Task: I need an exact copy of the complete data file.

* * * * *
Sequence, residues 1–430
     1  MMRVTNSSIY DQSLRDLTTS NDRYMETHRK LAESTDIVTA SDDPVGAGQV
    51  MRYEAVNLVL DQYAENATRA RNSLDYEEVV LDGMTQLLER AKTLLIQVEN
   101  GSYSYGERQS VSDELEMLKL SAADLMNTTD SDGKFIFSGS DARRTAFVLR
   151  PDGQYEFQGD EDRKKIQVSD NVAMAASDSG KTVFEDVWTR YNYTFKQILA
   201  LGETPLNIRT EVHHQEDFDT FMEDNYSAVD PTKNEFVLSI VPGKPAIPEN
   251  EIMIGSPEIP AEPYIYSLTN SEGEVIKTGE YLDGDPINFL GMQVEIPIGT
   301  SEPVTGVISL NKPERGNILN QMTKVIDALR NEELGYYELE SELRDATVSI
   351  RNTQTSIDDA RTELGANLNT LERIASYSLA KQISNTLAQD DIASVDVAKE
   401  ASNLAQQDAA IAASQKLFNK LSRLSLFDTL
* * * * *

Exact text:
Sequence, residues 1–430
     1  MMRVTNSSIY DQSLRDLTTS NDRYMETHRK LAESTDIVTA SDDPVGAGQV
    51  MRYEAVNLVL DQYAENATRA RNSLDYEEVV LDGMTQLLER AKTLLIQVEN
   101  GSYSYGERQS VSDELEMLKL SAADLMNTTD SDGKFIFSGS DARRTAFVLR
   151  PDGQYEFQGD EDRKKIQVSD NVAMAASDSG KTVFEDVWTR YNYTFKQILA
   201  LGETPLNIRT EVHHQEDFDT FMEDNYSAVD PTKNEFVLSI VPGKPAIPEN
   251  EIMIGSPEIP AEPYIYSLTN SEGEVIKTGE YLDGDPINFL GMQVEIPIGT
   301  SEPVTGVISL NKPERGNILN QMTKVIDALR NEELGYYELE SELRDATVSI
   351  RNTQTSIDDA RTELGANLNT LERIASYSLA KQISNTLAQD DIASVDVAKE
   401  ASNLAQQDAA IAASQKLFNK LSRLSLFDTL